1945 Mercury Dime: Production Booms During World War 2

Mercury Dime Overview

A practically unknown dime design among non-collectors, the Mercury Dime has a strong following by many collectors. With elegant obverse and reverse designs, it is regarded as one of the most beautiful dimes ever made.

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Designed by Adolph Weinman in 1915, the Mercury Dime was actually named the Winged Liberty Head Dime. Although the actual obverse bust is of Lady Liberty, many people still think that it is the Roman God, Mercury. Nonetheless, the idea stuck and the Winged Liberty Head Dime is more commonly called the Mercury Dime.

The obverse design features a bust of Lady Liberty wearing a winged cap. The words “IN GOD WE TRUST” can be found under Liberty’s chin and the date is to the lower right of the bust. A large motto, “LIBERTY”, is along the rim above and through the bust.

Weinman’s reverse was just as unique as the obverse and included a fasces, which is a hatchet surrounded by wooden rods. An olive branch runs in the background, and “E PLURIBUS UNUM” is found just to the right. The mottos, “UNITED STATES OF AMERICA” and “ONE DIME”, run along the entire rim.

Want to know more about the Mercury Dime as well as other collectible US Dimes? Be sure to check out our Ultimate Guide to Collectible Dimes.

History of the 1945 Mercury Dime

The 1945 Mercury Dime is unique in the fact that it is the last year of production for the Mercury Dime series. This ended the 30-year production of arguably the nation's most beautiful dime. Replacing the Mercury Dime in 1946 was the newly designed Roosevelt Dime.

During 1945, the Mint at Philadelphia claims to have struck 159,130,000 Mercury Dimes. This mintage figure was common for most of the final years of production due to increased demand from the World War II economy.

Like all other Mercury Dimes, the 1944 Mercury Dime features a composition made up of 90% silver and 10% copper. Physical properties included a weight of 2.50 grams and a diameter of 17.91mm.

1945 Mercury Dime

Image Source Flickr user Eric Golub

Demand for Late-Year Mercury Dimes

One of the most interesting things that appear when looking at the mintages of the entire Mercury Dime series is the extreme increase in production during the war years.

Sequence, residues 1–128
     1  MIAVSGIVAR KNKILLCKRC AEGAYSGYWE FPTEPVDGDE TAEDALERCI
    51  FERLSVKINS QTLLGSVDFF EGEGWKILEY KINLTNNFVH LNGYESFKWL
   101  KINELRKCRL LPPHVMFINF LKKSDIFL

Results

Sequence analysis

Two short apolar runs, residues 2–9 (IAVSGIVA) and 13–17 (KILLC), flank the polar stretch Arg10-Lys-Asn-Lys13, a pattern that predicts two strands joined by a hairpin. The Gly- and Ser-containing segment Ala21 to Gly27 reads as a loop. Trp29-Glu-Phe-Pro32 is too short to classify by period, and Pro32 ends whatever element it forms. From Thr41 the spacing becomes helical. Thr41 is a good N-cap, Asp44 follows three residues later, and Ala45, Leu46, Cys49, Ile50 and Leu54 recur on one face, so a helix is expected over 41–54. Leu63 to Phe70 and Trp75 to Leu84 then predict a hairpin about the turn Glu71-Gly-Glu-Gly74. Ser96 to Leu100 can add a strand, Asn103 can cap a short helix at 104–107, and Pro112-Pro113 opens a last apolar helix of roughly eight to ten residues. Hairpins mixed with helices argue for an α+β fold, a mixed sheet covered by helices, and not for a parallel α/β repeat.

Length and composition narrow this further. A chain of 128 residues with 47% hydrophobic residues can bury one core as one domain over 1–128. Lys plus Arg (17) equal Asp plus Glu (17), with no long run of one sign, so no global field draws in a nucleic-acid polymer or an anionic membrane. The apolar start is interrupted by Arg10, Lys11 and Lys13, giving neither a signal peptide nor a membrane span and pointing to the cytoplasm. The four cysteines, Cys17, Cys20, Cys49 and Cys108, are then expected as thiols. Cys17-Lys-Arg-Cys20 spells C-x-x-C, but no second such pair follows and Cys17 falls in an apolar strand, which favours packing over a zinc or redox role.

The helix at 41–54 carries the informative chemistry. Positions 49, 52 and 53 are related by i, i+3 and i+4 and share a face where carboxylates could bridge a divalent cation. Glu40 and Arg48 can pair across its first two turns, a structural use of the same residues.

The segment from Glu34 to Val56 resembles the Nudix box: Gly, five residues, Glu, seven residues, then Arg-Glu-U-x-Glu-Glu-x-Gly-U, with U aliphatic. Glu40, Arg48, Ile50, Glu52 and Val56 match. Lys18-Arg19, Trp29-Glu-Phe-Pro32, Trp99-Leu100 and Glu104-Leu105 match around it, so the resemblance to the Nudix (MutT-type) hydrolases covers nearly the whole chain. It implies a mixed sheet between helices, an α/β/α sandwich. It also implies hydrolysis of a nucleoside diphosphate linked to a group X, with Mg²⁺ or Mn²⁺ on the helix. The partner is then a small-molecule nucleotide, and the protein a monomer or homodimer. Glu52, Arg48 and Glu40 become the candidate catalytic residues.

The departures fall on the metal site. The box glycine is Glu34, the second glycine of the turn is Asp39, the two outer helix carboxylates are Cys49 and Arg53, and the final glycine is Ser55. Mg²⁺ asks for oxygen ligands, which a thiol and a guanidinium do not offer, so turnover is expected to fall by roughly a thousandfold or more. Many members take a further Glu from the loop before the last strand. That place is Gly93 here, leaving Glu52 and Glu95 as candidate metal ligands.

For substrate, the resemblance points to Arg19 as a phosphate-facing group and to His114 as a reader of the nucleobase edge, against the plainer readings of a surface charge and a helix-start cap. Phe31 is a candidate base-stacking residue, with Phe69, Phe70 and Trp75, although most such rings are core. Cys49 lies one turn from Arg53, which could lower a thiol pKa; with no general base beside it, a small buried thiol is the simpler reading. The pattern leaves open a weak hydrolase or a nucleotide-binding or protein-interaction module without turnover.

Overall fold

Before the Second World War broke out, the average mintage figure for Mercury Dimes was somewhere around 30 million pieces. During the years of 1941-1945, this average increased dramatically to about 175 million.

This rapid increase in mintage could be attributed to the fact that more money was needed for the war effort. Despite the rationing that happened, hard money was still in great demand by both consumers and the government.

Directors at the mint helped address the money shortage by increasing production to more than five times the original!

Looking forward to the end of the second world war, production of the Roosevelt Dime returned to normal two years after World War II ended.

Since so many Mercury Dimes were minted in these years, many examples exist in both low and high condition.

Valuing the 1945 Mercury Dime

Although many examples still survive today, prices tend to be above silver value for most grades. Only Good 4 coins are worth scrap silver prices, which is currently $1.50.

Fine 12 coins can see a price of $2.50 and Extremely Fine 45 examples are valued at $2.75.

Prices for Uncirculated 1945 Mercury Dimes begin to rise much faster than those that are circulated. Values start at $8 for MS-60 examples and jump to $11 for MS-65 examples.

Premium uncirculated 1945 Mercury Dimes, like MS-63, see a large jump to $28. Many high-grade examples in MS-65 condition still exist and keep the price down around $70.

It is estimated that 20,000 Uncirculated 1945 Mercury Dimes still exist. Of these 20,000 examples, it is believed that 12,000 are of MS-65 condition or better. These estimates mean that the prices for Premium Uncirculated 1945 Mercury Dimes will continue to stay depressed.

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